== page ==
There is no way that the response would be to somehow manifest belief in the sky being green without also checking one's self into a mental home in the same breath.

In the end, I suppose I agree that his words do reflect, as you point out, what his view of salvation might be, however I believe that if it's the case (like I said above), belief means absolutely nothing and can be chosen for any or no reasons whatsoever. Belief in god is worthless at that point so the insistence on free will being able to form belief is counterproductive.

Ebonmuse said...

I think DoOrDoNot hit the nail on the head with the point that, for some theists, belief must be a volitional act if their theology is to make any sense. Therefore, as far as they're concerned, it is, end of story. Unfortunately, this is just another instance where theology collides with reality. You can certainly reinforce an existing belief by deliberately isolating yourself from contrary evidence, but no one can just spontaneously choose to believe something regardless of the evidence they've seen.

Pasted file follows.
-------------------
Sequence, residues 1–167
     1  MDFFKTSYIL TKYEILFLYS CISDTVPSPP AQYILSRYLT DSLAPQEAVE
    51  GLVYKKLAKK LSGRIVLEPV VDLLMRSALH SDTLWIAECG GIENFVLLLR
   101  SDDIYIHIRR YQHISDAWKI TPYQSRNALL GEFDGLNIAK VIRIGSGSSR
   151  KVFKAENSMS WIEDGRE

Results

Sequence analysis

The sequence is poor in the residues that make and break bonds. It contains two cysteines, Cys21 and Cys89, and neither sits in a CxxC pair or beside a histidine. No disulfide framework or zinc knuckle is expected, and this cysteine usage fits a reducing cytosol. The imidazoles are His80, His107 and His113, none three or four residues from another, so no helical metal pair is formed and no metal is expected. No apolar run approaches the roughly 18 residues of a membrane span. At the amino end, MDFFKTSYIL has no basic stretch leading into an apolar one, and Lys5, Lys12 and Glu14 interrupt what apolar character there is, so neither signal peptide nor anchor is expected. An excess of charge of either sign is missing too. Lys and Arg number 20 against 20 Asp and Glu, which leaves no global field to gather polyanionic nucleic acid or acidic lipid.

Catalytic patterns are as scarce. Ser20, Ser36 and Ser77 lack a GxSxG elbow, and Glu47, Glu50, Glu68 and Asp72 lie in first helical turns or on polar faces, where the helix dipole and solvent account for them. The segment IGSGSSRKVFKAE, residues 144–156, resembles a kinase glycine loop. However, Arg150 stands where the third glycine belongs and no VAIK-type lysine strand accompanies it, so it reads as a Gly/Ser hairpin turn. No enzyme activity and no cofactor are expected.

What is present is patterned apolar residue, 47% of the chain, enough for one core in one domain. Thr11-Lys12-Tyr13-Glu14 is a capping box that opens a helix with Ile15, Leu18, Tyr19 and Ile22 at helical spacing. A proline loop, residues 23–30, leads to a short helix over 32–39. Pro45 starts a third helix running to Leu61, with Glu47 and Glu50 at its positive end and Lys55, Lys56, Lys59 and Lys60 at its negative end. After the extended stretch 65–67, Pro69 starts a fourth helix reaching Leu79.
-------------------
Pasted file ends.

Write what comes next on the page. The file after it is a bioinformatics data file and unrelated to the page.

Hendy said...

@Ebon: I agree -- reinforcing old beliefs is definitely more feasible (though I wouldn't say that closing one's eyes and singing "lalalala" will always work either!), while literally choosing to believe x when x is not currently convincing is simply impossible.